1990Ricky ProehlPHO80226
1989Shawn CollinsATL86224
1988Sterling SharpeGNB79125
1987Ricky NattielDEN63027
1986Bill BrooksIND11317
1985Eddie BrownCIN94213
1984Louis LippsPIT86019
1983Willie GaultCHI83618
1982Charlie BrownWAS6905
1981Cris CollinsworthCIN100915
1980Art MonkWAS79723
1979Jerry ButlerBUF83423
1978John JeffersonSDG10014
1977Wesley WalkerNYJ74011
1976Sammy WhiteMIN9065
1975Alfred JenkinsATL76711
1974Charlie WadeCHI6837
1973Isaac CurtisCIN8434
1972Ahmad RashadSTL50027
1971Randy VatahaNWE8726
1970Ron ShanklinPIT69118

And, of course, the ability of the top rookie wide receiver to hold his value is another issue entirely.

{ 3 comments… add one }

  • Brian June 22, 2013, 7:46 pm

    Interesting article (as well as the running back feature linked at the end of the second paragraph). One mistake, or oversight, for the running backs is receiving yards. Most people seem to make this mistake and maybe thats because most running backs just don’t have many receiving yards. But it’s hard to ignore what Doug Martin brings to the table in the passing game. I think when evaluating running backs and predicting future success (as your linked feature did) you should take receiving yards and yards per catch in to account. After just one season it’s too early to tell, but with the assumption that from this point out things remain status quo (as set forth in the 2012 season), which back would you rather have, Trent Richardson, Alfred Morris or Doug Martin?

  • sn0mm1s June 22, 2013, 8:03 pm

    I think a couple of things factor into it (with the caveat that these are guesses and I have done no formal research).
    1) A rookie WR is generally not the #1 option on the team when it comes to receiving targets (usually #2 or #3). This inherently limits their production. This is different than a rookie RB or QB that gets the majority of the snaps/rushes by default when they are on the field.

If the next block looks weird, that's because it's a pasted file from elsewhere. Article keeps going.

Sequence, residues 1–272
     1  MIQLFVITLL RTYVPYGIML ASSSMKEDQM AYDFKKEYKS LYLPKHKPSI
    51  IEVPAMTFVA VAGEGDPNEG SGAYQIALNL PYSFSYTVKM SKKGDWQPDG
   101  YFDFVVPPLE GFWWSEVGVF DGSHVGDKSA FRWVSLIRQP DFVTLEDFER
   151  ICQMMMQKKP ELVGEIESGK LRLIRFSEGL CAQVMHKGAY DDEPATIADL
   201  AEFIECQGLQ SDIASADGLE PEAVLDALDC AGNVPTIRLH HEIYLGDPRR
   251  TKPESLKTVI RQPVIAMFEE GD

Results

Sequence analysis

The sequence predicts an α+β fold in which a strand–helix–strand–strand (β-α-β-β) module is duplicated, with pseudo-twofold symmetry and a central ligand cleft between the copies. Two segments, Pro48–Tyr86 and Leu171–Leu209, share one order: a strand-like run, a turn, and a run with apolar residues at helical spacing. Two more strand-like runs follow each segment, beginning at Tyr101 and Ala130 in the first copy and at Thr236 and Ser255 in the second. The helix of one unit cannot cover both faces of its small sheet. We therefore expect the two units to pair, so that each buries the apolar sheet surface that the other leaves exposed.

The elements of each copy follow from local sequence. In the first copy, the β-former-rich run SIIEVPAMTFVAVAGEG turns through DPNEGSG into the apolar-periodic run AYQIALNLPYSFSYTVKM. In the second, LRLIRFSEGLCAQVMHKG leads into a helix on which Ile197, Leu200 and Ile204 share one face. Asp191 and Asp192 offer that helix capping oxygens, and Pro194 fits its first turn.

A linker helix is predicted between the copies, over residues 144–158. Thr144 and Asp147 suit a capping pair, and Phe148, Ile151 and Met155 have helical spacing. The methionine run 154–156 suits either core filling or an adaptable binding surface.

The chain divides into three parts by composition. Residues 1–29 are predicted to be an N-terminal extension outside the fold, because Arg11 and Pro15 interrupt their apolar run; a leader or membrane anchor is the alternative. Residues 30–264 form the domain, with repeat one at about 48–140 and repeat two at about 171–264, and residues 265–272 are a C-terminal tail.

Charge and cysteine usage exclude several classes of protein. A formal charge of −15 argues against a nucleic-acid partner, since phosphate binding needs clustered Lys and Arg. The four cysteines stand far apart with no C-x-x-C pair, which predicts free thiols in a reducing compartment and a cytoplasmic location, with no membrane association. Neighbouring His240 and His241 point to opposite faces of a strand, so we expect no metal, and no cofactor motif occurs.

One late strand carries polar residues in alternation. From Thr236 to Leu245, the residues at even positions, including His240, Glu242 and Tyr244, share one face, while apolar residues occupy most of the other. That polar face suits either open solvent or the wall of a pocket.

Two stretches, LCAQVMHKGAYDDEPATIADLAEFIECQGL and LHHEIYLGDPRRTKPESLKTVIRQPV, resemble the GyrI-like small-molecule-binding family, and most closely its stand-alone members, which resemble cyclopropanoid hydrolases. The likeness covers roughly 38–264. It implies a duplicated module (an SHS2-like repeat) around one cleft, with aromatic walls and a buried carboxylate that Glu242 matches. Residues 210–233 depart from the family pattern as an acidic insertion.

2) I think that great college WRs can skate by almost solely on their athleticism since they primarily operate on an island leaving them the most ill prepared when they reach the NFL.
    3) Related to #2, on that island they are generally paired against veteran CB/S, who is likely far beyond the rookie WR’s skill when it comes to technique (and likely not at a serious advantage or disadvantage physically). This is a different situation than a QB or RB which neither really have a *direct* counterpart or foil on the defensive side of the ball that they must beat every down.

    I am not sure how you would do the research, but this pattern of not making a huge impact (on increasing impacts) might also apply to rookie edge rushers, rookie offensive tackles, and rookie CBs since these are also often 1 v 1 battles against veteran players.

  • Richie June 26, 2013, 12:36 pm

    A theory: There has traditionally been a thought that it is difficult for QBs and WRs to learn their positions at the pro level. But RB is a more instinctual position, so coaches have been willing to play rookie RBs.

    Recently (basically since 2005 with few exceptions before) coaches have been more willing to throw a rookie QB into the fire. I think that’s partially because colleges are running more pro-like offenses, and partially because QB has seemed to become a slightly more important position than it was, so coaches are more desperate to replace mediocre QBs with hot new rookies. And they let them play even if the results aren’t great.

    But at WR, coaches just haven’t had the pressure to force the ball to them. And maybe there is truth that learning WR is tougher at the pro level, so the rookies are only able to play as well as they can separate themselves from the guy on the other side of the field.